Handout undated picture of a La Plata dolphin (Pontoporia blainvillei). The long-beaked La Plata River dolphin, a small species living in South America's Atlantic coastal waters, is increasingly threatened with extinction from big-net fishing, Brazilian researchers warn. At last 1,000 of these dolphins die every year near the coast of (Brazil's) Rio Grande do Sul," scientist Emanuel Carvalho Ferreira told AFP . AFP PHOTO (Photo credit should read --/AFP/Getty Images)2013 AFP
A tiny dolphin found in the waters off Argentina died after beachgoers picked up the sea mammal and paraded it around in front of curious onlookers before abandoning it on the sand.
Two La Plata or Franciscana dolphins, one of the smallest species in the world, were plucked out of the ocean at the beach resort of Santa Teresita in the north-eastern Buenos Aires province. They were held aloft by men as a crowd gathered around to snap photos of the tiny mammals. One animal survived the ordeal, but the other perished, and its body was discarded on the sand by the callous beachgoers, where they continued to snap photos of its dead body.
News reports claim that the dolphin was “manhandled to death.”
The death of the dolphin has caused outrage across the globe from animal rights activists, who have called its death “horrific, traumatic and utterly unnecessary.”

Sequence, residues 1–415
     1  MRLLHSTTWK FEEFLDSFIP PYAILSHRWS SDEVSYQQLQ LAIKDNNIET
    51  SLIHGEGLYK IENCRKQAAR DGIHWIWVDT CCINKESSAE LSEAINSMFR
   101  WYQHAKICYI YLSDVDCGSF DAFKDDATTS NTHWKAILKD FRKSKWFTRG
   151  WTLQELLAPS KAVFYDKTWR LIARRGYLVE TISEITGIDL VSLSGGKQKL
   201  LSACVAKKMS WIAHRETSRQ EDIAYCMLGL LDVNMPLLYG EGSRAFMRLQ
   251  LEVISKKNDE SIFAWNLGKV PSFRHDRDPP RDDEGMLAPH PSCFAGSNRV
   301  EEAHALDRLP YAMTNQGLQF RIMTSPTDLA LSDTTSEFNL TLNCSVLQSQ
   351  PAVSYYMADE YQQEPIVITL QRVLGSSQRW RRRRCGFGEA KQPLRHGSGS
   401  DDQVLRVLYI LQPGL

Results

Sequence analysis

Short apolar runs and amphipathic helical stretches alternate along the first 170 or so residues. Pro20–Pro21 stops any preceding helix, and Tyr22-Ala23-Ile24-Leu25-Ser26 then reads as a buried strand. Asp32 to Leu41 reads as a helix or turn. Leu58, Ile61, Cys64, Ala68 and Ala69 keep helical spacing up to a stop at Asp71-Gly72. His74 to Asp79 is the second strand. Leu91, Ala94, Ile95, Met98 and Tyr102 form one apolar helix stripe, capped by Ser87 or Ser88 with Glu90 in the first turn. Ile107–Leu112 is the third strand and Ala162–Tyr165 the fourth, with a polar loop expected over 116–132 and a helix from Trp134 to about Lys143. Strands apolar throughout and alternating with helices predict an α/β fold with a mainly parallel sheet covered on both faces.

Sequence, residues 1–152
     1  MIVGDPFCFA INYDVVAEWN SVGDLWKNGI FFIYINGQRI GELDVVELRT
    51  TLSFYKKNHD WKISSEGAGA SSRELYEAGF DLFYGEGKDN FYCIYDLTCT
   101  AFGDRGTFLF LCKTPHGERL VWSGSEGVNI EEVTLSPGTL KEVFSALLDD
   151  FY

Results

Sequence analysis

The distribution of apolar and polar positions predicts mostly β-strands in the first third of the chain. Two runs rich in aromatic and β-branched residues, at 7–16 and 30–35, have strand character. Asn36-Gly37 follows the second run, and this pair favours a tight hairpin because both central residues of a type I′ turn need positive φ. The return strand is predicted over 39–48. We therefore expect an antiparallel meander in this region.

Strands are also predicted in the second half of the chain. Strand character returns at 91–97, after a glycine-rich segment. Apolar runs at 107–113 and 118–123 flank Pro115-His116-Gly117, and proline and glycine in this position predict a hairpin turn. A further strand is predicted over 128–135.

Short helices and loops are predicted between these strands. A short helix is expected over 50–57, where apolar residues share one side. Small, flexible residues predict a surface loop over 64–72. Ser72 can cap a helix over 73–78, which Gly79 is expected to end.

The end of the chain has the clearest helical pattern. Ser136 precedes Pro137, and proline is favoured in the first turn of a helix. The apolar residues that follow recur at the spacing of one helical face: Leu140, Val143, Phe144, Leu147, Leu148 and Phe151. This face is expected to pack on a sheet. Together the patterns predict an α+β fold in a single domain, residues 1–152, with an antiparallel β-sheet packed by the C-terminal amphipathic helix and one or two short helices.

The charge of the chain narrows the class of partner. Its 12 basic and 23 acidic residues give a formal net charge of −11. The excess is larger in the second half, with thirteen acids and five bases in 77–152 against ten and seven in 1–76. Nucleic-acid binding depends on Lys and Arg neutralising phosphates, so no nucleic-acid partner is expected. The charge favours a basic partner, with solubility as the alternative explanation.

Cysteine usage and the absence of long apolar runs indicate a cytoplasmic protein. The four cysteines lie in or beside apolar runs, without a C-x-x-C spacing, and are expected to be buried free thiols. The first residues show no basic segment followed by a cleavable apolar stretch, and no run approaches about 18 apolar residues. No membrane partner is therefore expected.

"This terribly unfortunate event is an example of the casual cruelty people can inflict when they use animals for entertainment purposes, without thinking of the animal's needs," a spokeswoman for Australia's arm of World Animal Protection. "Wild animals are not toys or photo props. They should be appreciated — and left alone — in the wild where they belong."
The death has caused the Wildlife Foundation in Argentina to release a public warning about the species – which is native to the coastal waters of Argentina, Uruguay and Brazil.
“The Franciscana, like other species, cannot remain for much time outside of the water. It has thick fatty skin which gives it heat and means that taking it out of the water causes it to dehydrate rapidly and die,” the group said, according to the Daily Mail.
The Wildlife Foundation added, “This occasion serves to inform the public about the urgent necessity to return these dolphins to the sea as soon as possible if they find them on the shore. It is fundamental that people help to rescue these animals, because every Franciscana counts now.”
The Franciscana is listed as 'Vulnerable' in the International Union for Conservation of Nature (ICUN) list of threatened species. If left undisturbed the dolphins can live to 20 years old.